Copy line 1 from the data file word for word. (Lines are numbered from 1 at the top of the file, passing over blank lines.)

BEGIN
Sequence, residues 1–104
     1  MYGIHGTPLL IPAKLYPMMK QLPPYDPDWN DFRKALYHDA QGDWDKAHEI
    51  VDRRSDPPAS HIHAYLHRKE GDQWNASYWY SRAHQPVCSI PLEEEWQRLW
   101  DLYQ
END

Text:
Sequence, residues 1–104